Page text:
But I give him a chance because I’m interested.

He calls me on my busy project day... doesn’t he get it, we don’t make money answering sales calls (I bet he makes little money answering every sales call). We could do this all day long and make no money at all.

So I finally said send me an email and I’ll reply at the end of the week (Da da... gold dust – you now have my email address plus my telephone number. I bet he was high fiving his colleagues in his sharp shiny suit at this point.)

But can you believe it... he doesn't send me an email.

To compound this, my boss at the time was very interested in making more money. My boss spends if you can add value to his business. There was a need for more clients, to grow, for better conversions.

We were prime beef with stickers on our heads; with the words PRIME BEEF printed in capitals.

OMG (first time I’ve ever wrote this as I hate this Hollywood high school phrase).

OMG... I feel so much better now so I wrote it twice because this deserves it.

Yes we would have spent time looking at your website and looked on Google at alternative solutions, plus asked friends who they’ve used or what they thought... but you know what, we would have paid you... and not just once if you were good.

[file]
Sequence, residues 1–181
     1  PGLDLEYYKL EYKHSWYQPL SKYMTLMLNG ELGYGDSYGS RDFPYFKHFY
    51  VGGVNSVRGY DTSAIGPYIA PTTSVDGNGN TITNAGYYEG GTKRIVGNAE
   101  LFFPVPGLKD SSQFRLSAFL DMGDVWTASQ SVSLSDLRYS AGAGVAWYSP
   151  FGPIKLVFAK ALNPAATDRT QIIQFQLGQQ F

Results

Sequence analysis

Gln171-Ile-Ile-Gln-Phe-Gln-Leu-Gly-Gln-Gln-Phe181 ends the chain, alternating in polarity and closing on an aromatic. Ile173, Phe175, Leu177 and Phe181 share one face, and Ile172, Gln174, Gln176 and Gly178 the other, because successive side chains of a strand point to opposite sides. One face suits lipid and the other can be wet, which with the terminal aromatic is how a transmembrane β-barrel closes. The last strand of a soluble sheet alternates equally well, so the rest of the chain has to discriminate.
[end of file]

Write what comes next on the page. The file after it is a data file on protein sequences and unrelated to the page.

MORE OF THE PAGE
But hey, tell me which business does not look at the whole market before weighing up which vendor will be the supplier.

“SEND ME AN EMAIL Goddamit Mr Cold Caller.”

And if his product was good, over time I would’ve been happy to refer to others about how good they are too.

So why did this happen? How can a business ensure there will be better long-term sales conversions?

(You can stop cringing now if you’ve realised your business daren’t send an email for whatever reason. This article might help sooth that problem – if you really want better sales conversions over the long-run.)

The prospects point of view and why they say send me information on an email sales objection

As sales people, it has been taught to understand the prospects needs and objections. One advantage in sales is that after having conversations with so many prospects in your target market, you do get a feel for their needs and common objections.